The 14th century in Malta was not an age when a woman would be expected to wield influence or power. They were turbulent times and, as part of the Aragonese kingdom of Sicily as well as its position on the centre of the Mediterranean, Malta was a hotbed of strife and intrigue which was to last at least until the Order of St John took over the island’s administration in 1530.
Italy then was no more than a conglomeration of little states, principalities, bishoprics and duchies. Naples and Sicily, Venice and Genoa, the Papal states, when not trying to keep external forces such as Islam at bay, were continually warring and plotting against each other in the battle for supremacy and influence. It took only the slightest political upset or the merest hint of a threat to turn partners within an alliance into implacable foes.
In such an atmosphere it was the man of action, the buccaneer and the soldier who dominated the scene. The man of letters was conspicuous by his absence and if any contemporary accounts were written during that period, none has come to light so far.
Fortunately, there is no scarcity of documentation as meticulous records of most transactions affecting the kingdom were kept in the Royal Chancery in Palermo. The Royal Archives in Palermo house a vast quantity of documents giving a wealth of detail on the Aragonese period of the Kingdom of Sicily and Malta. These records consist in royal decrees and grants, notarial deeds and a stream of correspondence between officials in Malta and Sicily. The archives of the cathedrals, monasteries and ecclesiastical foundations are also a fertile fount of information.
But it was not until the 16th century that historians began to take an interest in Malta as a separate entity and sure enough the names of powerful men such as Artale d’Alagona, Manfredi Chiaramonte, Guglielmo Moncada and Giacomo Pellegrino loom large in their accounts.
It is all the more surprising then that, in the midst of these swashbuckling heroes and anti-heroes, we keep coming across the name of one person who never handled a sword or tried to take on church and state. This person was Margarita d’Aragona.
The earliest historical records on Margarita d’Aragona refer to her as the daughter of Guglielmo d’Aragona, Count of Malta and, as we shall see further along, there is ample evidence to prove that she was of royal blood. Who though was Guglielmo d’Aragona?
Federico III was the first Aragonese monarch to visit Malta and some writers assumed that Margarita was the daughter of his natural son, Guglielmo who was created Count of Malta in 1377, the year of Federico’s death.
However there was another Guglielmo d’Aragona and he too had been Count of Malta. He was the third son of Federico II by his Queen, Eleonor of Anjou and was created Count in 1330. Guglielmo I was also Prince of Taranto and Duke of Athens and Neopatria. He was married to Maria de Exercica without issue but during his visits to Malta, there is little doubt that he would have formed a liaison with some local lady – concubinage was then established practice among the ruling classes. For instance, his father, Federico II spawned at least 4 natural children whom he later legitimised and gave important titles and positions in the kingdom.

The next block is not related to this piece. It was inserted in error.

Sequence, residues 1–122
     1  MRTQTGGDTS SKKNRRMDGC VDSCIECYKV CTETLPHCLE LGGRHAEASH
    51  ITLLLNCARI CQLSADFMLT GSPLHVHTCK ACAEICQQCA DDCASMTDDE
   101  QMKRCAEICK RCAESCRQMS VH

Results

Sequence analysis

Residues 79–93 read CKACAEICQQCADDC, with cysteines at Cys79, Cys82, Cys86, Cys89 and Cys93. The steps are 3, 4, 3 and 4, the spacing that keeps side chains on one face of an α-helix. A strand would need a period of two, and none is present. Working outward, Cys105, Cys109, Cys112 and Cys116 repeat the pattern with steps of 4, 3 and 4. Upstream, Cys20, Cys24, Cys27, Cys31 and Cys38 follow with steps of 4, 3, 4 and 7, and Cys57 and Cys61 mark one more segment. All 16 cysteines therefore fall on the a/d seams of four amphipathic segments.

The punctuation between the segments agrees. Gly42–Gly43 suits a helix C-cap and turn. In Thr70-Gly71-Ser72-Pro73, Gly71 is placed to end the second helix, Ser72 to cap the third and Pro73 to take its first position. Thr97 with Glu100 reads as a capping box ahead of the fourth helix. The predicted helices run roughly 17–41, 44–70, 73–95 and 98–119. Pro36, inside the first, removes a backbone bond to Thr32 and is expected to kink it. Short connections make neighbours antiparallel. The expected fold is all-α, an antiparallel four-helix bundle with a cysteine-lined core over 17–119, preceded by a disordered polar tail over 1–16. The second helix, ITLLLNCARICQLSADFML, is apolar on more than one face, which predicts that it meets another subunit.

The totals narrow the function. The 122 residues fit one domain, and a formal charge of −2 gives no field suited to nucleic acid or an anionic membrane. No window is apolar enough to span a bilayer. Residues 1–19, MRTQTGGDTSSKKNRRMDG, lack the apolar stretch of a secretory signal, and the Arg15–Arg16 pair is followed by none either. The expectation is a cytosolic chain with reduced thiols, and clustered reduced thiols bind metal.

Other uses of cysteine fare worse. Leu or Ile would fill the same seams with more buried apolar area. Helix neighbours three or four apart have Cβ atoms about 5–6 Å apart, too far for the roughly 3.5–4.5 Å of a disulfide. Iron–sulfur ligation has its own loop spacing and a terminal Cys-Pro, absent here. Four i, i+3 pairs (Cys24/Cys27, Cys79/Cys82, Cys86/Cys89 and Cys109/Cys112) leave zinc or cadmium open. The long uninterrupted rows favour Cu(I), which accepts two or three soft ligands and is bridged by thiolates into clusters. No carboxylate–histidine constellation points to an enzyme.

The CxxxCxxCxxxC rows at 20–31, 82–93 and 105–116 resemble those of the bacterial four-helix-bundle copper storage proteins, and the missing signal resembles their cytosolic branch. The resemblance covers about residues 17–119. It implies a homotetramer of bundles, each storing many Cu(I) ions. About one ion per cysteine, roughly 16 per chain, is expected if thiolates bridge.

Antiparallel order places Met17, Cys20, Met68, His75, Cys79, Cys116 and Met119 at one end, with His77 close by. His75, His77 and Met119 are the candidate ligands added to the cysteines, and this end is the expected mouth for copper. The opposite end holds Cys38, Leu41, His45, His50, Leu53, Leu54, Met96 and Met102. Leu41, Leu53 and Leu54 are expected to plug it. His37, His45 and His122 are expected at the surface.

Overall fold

The question of Margarita’s paternity has perplexed historians over the years but, examined in its historical context, a reasonable explanation soon emerges. The confusion could well have arisen because of the ambiguous way in which the Aragonese Federicos were styled.
The House of Aragon succeeded the House of Swabia (the Hohenstaufens) as rulers of Sicily as a result of the union of Pedro II of Aragon with Constance, daughter of Manfred, King of Sicily and heiress to the Sicilian throne. Manfred was the natural son of Frederick “Stupor Mundi” of Swabia, Holy Roman Emperor and King of Sicily. As Holy Roman Emperor, Frederick was second bearing that name, but first as King of Sicily. When Federico (Frederick) of Aragon succeeded to the Sicilian throne, he would have assumed the title of Federico II, King of Sicily but he was sometimes referred to as Federico III, adopting the imperial rather than the regal indication. His grandson would have been similarly styled Federico III or Federico IV depending on the writer’s point of view. A few modern historians persist in this misconception to this day and it is therefore not hard to understand that such conflicting references could have led to some confusion as to which of the two Aragonese Fredericks Federico III actually was.
Evidence that Margarita would have been the daughter of Guglielmo I rather than Guglielmo II is corroborated by the dates gleaned from official documents relating to Margarita. In 1365 when Giacomo de Pellegrino was made Hakem of Malta, the first since the Saracen held sway over the islands, Margarita was already his wife. She would more likely have been closer to the age of Guglielmo II’s father King Federico III (born 1341), and could not possibly have been Guglielmo’s daughter.
On the other hand, if she were the daughter of Guglielmo I, who was Count of Malta in 1330, her birth could be established at some time prior to his death in 1338, say 1336, which would be more consistent with the other factors and would also make her 82 years at the time of her death in 1418.
The Royal Grant appointing Giacomo de Pellegrino Hakem for life was issued in Malta and would have been made during the state visit of Federico III to the island. Pellegrino’s star was then very much in the ascendant assisted, in no small way, by the fact that he was married to the king’s kinswoman.